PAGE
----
Graylag supports vernal pools, scrub-shrub wetlands, wet meadow, and open water-emergent wetlands. In addition to these wetlands, the Property supports perennial and intermittent streams that flow into Wild Goose Pond. These wetlands and water bodies are the least disturbed natural communities on the Graylag property and should be considered as areas sensitive to disturbance.

Wild Goose Pond and Shoreland

Graylag has more than one-quarter mile of frontage along Wild Goose Pond. A relatively small area in the central portion of this frontage includes a beach, canoe/kayak storage, and dock used by visitors to the nature preserve. The pond frontage to the northwest of the beach is in a relatively natural condition and includes emergent plants such as pickerelweed, yellow pond lily, white water lily, water shield, and pondweed. Shoreland vegetation includes red maple, speckled alder, winterberry, arrowwood, royal fern, and buttonbush. To the south of the beach the land rises steeply to a hemlock-hardwood forest.

The open water habitat of Wild Goose Pond supports common loon, mallard, Canada goose, great-blue heron, beaver, otter, largemouth bass, chain pickerel, brown bullhead, bluegill, green frog, red-spotted newt, among other species. In summer, the vegetated riparian area along the pond shore supports song sparrow, swamp sparrow, cedar waxwing, American goldfinch, common yellowthroat, yellow warbler, Baltimore oriole, red-winged blackbird, tree swallow, Eastern kingbird, Eastern phoebe, and common grackle.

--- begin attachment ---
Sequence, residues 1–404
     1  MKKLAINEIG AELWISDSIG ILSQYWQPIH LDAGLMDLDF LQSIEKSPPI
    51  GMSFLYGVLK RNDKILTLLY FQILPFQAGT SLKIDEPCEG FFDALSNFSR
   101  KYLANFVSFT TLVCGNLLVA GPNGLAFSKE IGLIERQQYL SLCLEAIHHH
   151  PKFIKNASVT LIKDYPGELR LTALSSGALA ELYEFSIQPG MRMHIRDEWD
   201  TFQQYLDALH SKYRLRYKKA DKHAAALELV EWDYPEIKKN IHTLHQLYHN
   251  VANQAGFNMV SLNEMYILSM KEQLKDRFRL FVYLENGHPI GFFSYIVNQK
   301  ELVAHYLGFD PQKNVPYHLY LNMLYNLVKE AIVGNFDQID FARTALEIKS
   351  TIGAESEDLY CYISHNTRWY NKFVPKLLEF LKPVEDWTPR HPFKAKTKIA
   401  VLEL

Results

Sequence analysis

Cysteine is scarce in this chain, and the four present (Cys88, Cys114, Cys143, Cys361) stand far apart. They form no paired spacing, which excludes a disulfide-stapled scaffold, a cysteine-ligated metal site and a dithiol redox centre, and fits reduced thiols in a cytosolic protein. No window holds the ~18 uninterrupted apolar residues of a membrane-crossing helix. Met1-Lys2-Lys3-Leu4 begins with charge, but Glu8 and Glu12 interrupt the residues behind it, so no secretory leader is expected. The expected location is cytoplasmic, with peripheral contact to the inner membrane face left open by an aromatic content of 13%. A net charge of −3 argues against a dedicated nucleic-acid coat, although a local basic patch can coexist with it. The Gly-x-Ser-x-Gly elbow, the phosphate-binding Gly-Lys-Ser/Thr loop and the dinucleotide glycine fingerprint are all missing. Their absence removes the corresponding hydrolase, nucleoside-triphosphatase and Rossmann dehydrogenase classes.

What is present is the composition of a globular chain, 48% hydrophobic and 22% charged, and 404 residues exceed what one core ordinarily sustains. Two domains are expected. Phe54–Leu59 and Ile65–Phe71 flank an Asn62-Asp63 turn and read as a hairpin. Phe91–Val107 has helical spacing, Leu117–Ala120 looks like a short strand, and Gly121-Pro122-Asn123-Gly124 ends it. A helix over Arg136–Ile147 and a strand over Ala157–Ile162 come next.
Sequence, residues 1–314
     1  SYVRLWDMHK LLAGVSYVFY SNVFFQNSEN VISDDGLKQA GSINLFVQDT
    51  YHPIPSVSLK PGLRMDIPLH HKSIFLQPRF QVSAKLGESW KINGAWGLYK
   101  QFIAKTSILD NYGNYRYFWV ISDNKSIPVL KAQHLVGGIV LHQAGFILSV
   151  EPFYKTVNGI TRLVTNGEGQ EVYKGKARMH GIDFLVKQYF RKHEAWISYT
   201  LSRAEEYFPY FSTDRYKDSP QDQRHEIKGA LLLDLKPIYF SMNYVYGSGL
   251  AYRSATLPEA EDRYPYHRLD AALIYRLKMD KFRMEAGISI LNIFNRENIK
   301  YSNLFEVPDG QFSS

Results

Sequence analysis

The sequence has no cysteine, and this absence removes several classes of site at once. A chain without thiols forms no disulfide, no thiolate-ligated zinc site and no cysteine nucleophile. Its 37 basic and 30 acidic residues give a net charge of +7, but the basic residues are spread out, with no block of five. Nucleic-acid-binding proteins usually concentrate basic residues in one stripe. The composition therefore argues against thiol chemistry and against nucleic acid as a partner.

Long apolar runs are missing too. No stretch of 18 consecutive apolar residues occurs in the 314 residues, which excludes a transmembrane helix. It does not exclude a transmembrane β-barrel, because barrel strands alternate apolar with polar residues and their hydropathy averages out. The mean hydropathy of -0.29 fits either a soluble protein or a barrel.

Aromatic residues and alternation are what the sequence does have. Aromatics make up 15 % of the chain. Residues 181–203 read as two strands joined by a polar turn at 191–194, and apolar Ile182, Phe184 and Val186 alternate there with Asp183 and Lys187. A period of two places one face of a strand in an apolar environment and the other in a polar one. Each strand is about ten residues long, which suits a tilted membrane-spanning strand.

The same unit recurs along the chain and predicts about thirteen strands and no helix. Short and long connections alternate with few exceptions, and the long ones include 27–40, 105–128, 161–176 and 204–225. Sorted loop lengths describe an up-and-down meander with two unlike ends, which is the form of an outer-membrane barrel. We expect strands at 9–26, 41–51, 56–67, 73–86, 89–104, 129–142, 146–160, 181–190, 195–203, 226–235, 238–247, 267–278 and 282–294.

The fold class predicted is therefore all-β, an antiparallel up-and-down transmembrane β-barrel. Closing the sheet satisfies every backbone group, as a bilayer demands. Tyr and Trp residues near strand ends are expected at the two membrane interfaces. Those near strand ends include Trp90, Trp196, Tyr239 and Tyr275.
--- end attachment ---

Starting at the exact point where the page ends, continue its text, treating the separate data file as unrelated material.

Wet Meadow/Cranberry Bog

A unique wet meadow community is located near the shores of Wild Goose Pond to the north of the developed beach/cabin area. This plant community is part of the larger wetland complex that forms the inlet and outlet to the Pond. The wet meadow was used as a baseball field when Camp Graylag owned the property. Considering how wet the area is today it is difficult to understand how the fields were kept dry and mowed. The nearby stream that flows into Shinglemill Brook appears channeled near the edge of the wet meadow, so perhaps they used some drainage system to dry out the “field.”

An old basketball court is located at the edge of the wet meadow; other courts were removed several years ago using a WHIP grant.

Highbush blueberry shrubs are growing in around the edges of and scattered throughout the wet meadow. Small cranberry, sedges, rushes, mosses, and other plants are found within this meadow. With time and lack of further disturbance, this wet meadow may recover to a more diverse and unique plant community. Wet meadows, along with marsh and shrub wetlands, are considered critical habitats in the New Hampshire Wildlife Action Plan.

Scrub-Shrub Wetland

A diverse mixed tall graminoid-scrub shrub marsh is located in the southwest corner of Graylag. The wetland plant community includes red maple, gray birch, highbush blueberry, winterberry, maleberry, Spirea, royal fern, cinnamon fern, pitcher plant, buttonbush, speckled alder, sphagnum, among other plants. The vegetation in the uplands along the marsh edge is also diverse and includes highbush blueberry, lowbush blueberry, bracken, sheep laurel, bunchberry, Canada mayflower, partridgeberry, trailing arbutus, starflower, lichens, mosses as well as red maple, white pine, hemlock, and red oak. The forest rises steeply along the northeast boundary of the marsh and supports a hemlock-white pine forest with some red spruce.